If you’re someone who lives in Quezon City, you’ve probably come across the Lung Center of the Philippines a handful of times. After all, it’s situated on one of the busiest thoroughfares in the city, Quezon Avenue.
It’s especially unmistakable during the early hours of the morning where a significant amount of people can be seen huddled together—either there for a check-up or treatment.
The health center has been servicing Filipinos for four decades, specializing in pulmonary diseases and conditions, which remains one of the top killers in the country.
If you’re interested in learning more about this long-standing health institution, then continue scrolling below.
Why was it built?
Between the 1970s and 1980s, the Philippines’ leading cause of death included pulmonary diseases such as pneumonia and tuberculosis. To combat these pervasive illnesses that typically affected the poor, the Marcos Government put up the Lung Center of the Philippines, a dedicated treatment institution for lung afflictions.
How was it actualized?
This government tertiary hospital came into reality through former President Marcos’ Presidential Decree No. 1823 on January 16, 1981, which aimed to provide the Filipino public a state-of-the-art center for lung and other chest diseases.
However, First Lady Imelda Marcos is credited for playing a large role in its construction. Dr. Enrique Garcia approached the then president’s wife to ask for assistance to rehabilitate the ailing Quezon Institute, an institution operated and managed by Philippine Tuberculosis Society, Inc.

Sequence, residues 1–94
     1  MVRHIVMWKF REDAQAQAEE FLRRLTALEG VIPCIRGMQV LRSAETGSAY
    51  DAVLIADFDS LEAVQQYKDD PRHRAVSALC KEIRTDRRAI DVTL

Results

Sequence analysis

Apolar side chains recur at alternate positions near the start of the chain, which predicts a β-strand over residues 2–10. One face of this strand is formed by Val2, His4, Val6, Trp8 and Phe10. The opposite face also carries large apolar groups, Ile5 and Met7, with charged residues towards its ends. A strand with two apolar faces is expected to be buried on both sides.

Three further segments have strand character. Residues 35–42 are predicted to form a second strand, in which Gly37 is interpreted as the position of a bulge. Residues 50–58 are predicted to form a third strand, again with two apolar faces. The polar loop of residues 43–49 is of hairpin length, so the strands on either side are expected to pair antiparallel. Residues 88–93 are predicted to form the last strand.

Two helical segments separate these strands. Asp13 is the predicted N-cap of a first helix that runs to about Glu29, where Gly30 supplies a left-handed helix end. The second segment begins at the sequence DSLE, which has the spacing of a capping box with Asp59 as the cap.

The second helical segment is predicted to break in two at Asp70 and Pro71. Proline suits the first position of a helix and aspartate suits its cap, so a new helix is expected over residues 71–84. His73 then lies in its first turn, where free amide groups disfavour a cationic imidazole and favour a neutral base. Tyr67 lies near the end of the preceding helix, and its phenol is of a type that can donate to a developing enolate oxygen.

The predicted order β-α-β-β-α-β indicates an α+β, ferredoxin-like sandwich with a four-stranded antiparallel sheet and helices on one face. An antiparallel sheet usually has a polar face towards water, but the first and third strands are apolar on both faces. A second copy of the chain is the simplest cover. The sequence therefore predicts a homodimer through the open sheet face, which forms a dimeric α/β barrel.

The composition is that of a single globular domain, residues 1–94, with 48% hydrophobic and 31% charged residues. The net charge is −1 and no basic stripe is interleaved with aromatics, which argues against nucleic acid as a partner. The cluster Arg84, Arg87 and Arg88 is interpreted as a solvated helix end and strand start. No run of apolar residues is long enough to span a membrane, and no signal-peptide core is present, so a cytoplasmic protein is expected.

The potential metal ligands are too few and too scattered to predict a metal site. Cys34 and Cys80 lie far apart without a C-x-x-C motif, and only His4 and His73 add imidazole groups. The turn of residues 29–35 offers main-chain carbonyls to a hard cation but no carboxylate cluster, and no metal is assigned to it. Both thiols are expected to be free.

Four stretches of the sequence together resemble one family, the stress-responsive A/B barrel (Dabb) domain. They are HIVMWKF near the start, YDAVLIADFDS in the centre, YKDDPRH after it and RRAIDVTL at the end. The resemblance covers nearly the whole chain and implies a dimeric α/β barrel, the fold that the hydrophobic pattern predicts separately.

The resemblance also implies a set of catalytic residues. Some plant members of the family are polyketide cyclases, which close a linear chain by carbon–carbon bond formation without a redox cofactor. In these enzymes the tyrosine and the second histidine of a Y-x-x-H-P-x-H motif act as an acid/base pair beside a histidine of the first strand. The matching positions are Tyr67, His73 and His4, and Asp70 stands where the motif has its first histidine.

Imelda agreed to help out but also shared her vision of creating specialty health institutions in the Philippines, which included the Lung Center.
When was it opened?
The Lung Center of the Philippines was officially opened to the Filipino public on January 23, 1982, a little over a year after it was decreed.
However, the institution was temporarily closed in 1998 after a fire ravaged 80 percent of the center’s equipment and building. A year later, in 1999, after undergoing significant rehabilitation, which was made possible by the Php 200 million funding released by then-President Joseph Estrada, the hospital was able to reopen—now better than ever.
Although it’s been at least four decades since the Lung Center of the Philippines opened, it’s still delivering quality service to its Filipino patients.
And in this period of crisis due to the pandemic, the center plays a significant role in treating people who’ve been struck by COVID-19.
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Image credit: Lung Center of the Philippines’ Official Facebook Page